Andrea Stewart’s debut novel The Bone Shard Daughter, the first book in the Drowning Empire trilogy, follows four intertwining stories in a vast and rich world inspired by Asian cultures.
Lin is the heir to the throne of the Phoenix Empire, but her father, the current emperor, refuses to recognize her status until she proves herself worthy to him. Trapped in a palace of locked doors, Lin hatches a plan to learn forbidden bone shard magic and overtake her rival Bayan to get her father’s approval.
Phalue, daughter of the governor of Nephilanu Island, discovers that her partner Ranami is working with rebels trying to take down the Phoenix Empire. Facing a radical plan to return power to the people, Phalue struggles to reconcile the ideas she was raised with, the reality she’s confronted with, and the power she has to make change.
Jovis, the most successful smuggler in the last hundred years, sails the Endless Sea searching for his wife Emahla, who disappeared on a ship with blue sails several years ago. After rescuing a child from the annual trepanning day, during which subjects of the Empire have bone shards taken from their skulls, Jovis finds himself living up to a new legend about himself: Jovis, savior of children, accompanied by a mysterious animal companion named Mephisolou, who grants him supernatural strength.
Finally, on Maila Isle on the very outskirts of the Empire, a woman named Sand is harvesting mangos when she falls from a tree and hits her head. Suddenly, the memory fog that keeps the residents of Maila complacent begins to lift from her. Clinging to moments of lucidity, Sand questions why she and the others are on Maila at all and begins to uncover the key to who they truly are.
There are many things to love in The Bone Shard Daughter. The first line is a powerful hook: “Father told me I’m broken.” In just five words, Stewart piques the reader’s interest in a number of ways: What kind of family dynamic is there that a father would say such a thing to his daughter? How is she “broken”? Is he right? I immediately hoped that the confrontational first line would be challenged in the narrative, and I was deeply satisfied with how Stewart handles Lin’s growth as a character and subverts the idea of Lin being broken.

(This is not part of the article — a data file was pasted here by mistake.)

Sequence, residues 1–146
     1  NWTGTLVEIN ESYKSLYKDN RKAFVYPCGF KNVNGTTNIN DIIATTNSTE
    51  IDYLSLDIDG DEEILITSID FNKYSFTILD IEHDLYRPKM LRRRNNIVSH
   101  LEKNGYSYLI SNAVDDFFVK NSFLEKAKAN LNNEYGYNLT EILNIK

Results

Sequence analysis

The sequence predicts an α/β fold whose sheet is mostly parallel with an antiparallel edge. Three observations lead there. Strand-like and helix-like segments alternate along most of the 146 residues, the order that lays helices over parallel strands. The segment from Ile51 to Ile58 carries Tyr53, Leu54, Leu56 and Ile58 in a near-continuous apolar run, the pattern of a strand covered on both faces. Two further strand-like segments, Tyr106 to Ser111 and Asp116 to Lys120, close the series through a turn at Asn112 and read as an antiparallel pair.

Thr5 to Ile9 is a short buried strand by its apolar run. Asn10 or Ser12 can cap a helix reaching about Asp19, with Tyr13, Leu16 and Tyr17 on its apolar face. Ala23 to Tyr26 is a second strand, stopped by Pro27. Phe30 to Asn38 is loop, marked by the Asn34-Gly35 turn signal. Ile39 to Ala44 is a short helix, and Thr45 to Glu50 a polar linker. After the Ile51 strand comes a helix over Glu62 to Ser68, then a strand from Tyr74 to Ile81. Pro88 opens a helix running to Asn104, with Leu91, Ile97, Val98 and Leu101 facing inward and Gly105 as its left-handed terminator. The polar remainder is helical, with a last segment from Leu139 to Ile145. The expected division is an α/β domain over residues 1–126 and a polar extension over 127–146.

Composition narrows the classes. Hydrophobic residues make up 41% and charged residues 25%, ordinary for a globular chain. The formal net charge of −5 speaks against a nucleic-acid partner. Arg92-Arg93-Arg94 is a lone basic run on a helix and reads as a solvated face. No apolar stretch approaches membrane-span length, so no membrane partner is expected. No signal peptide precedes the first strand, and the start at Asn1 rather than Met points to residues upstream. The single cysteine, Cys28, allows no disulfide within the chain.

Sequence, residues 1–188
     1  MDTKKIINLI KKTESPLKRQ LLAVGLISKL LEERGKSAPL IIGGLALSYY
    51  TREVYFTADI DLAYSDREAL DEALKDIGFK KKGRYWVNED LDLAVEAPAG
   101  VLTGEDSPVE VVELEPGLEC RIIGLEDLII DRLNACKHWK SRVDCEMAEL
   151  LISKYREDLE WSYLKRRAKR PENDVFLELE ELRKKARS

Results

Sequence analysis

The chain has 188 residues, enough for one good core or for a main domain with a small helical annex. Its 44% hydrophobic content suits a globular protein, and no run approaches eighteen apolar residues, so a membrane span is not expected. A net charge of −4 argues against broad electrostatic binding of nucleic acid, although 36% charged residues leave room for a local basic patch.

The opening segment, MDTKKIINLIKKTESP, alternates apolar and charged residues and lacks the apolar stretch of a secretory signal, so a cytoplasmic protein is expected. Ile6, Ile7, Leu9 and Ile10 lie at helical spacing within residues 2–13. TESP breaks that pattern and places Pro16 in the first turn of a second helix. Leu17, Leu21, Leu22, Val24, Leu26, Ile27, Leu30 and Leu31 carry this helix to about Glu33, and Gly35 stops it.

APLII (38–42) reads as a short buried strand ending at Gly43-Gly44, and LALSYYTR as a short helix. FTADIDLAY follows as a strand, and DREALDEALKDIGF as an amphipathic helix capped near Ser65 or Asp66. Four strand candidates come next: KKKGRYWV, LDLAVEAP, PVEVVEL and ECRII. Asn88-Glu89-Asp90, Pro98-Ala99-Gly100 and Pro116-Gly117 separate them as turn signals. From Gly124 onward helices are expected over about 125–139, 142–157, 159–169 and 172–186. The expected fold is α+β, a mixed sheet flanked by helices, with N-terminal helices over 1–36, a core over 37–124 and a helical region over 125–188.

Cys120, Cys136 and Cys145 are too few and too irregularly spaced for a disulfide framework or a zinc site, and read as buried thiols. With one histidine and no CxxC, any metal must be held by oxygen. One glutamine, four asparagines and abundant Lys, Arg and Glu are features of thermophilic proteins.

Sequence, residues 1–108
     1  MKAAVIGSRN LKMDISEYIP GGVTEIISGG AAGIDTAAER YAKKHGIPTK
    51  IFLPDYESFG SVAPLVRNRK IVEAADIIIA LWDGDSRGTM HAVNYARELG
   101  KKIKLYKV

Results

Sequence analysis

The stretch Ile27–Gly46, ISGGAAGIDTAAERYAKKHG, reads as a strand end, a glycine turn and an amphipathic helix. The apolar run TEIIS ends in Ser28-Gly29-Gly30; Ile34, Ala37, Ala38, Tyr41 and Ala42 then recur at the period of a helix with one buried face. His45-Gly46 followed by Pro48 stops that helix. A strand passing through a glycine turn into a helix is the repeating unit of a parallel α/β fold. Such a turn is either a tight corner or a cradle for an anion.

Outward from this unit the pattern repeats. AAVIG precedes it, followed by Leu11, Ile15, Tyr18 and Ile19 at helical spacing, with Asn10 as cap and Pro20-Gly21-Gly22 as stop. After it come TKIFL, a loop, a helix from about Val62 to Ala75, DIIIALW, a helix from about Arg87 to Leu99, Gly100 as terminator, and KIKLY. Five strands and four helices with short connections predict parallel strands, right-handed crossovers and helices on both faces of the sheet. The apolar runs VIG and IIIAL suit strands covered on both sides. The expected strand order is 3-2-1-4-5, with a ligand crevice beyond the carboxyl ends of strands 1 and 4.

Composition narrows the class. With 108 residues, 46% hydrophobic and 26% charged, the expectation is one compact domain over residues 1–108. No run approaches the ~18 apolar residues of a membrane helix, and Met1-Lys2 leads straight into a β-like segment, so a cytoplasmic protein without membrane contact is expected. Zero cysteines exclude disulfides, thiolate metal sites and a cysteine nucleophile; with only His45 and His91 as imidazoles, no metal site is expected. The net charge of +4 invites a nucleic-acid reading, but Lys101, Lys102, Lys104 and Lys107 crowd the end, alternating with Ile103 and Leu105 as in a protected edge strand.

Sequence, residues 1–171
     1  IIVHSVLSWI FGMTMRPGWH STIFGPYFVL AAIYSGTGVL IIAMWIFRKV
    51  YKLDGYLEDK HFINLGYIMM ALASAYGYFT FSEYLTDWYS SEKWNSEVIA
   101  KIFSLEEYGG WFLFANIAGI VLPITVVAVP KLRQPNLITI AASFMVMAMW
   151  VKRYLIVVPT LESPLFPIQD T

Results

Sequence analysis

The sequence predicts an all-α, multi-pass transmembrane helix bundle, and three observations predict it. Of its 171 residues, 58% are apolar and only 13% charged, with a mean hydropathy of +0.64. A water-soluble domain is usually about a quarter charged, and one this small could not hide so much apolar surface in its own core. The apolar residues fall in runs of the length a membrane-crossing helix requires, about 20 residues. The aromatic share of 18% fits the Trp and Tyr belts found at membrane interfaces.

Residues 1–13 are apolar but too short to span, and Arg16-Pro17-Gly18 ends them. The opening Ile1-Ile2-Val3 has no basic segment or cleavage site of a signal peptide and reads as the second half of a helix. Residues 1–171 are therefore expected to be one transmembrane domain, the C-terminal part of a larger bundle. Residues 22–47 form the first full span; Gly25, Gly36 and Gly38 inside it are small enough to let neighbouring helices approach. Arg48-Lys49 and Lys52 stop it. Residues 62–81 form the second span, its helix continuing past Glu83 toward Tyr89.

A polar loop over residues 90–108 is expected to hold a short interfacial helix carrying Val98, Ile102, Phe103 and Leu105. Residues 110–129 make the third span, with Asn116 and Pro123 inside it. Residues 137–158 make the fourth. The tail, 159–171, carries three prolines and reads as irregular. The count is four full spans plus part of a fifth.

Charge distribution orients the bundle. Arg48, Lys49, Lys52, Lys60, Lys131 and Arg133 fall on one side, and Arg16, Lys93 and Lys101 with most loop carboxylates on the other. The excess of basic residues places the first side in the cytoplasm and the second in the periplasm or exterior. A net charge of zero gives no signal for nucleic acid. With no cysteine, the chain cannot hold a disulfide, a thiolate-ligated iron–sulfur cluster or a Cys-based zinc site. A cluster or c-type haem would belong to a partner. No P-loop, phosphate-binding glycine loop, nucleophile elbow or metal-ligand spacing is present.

I found myself daydreaming about Stewart’s worldbuilding long after I finished the book. The world of the Drowning Empire trilogy is fascinating, centering on a premise I’m surprised I haven’t encountered before: People live on floating, migrating islands that drift through the Endless Sea, the bottom of which is unreachable. Stewart does an excellent job of orienting the reader through the islands’ relative locations, even though a map isn’t included (and probably can’t be, given the nature of the islands’ movement).
Although there is no direct connection to our Earth, I also found the temporal setting of The Bone Shard Daughter to be intriguing. In the world of the Drowning Empire, Lin is born in 1522. In our world, the 1500s saw the Joseon dynasty in Korea, the Ming dynasty in China, feudal Japan, the numerous polities of the islands of the Philippines before Spanish colonization, the golden age of Thailand’s Ayutthaya period, the decline of the Silk Road, and the late medieval period of India followed by the Mughal Empire, among others. The architecture and technology allude to those various periods, even while not invoking them specifically—the world is Asian-inspired, after all, not Asian.
Fantasy written by Asian authors often gets connected back to our real-world Asianness, even while work by White authors isn’t arbitrarily tied back to their origins—for example, I don’t think I’ve ever seen someone tie Westeros to George R. R. Martin’s Americanness, or his Irish, French, English, Welsh, and German backgrounds. We simply aren’t given the same freedom to imagine. Dislocated from the sourceland and marginalized by the adopted land, Asian diasporas live in a collective imagination rather than any real-world location. Our dreams defy the concept of a singular “Asian” experience, even as we are inspired by our ancestral homelands. The Bone Shard Daughter pushes the limits on what “Asian-inspired” means, creating a book I’ve always longed for: something that deeply but abstractly reflects Asian aesthetics and sensibilities, while also being an epic fantasy in the Western tradition with all its familiar archetypes and tropes.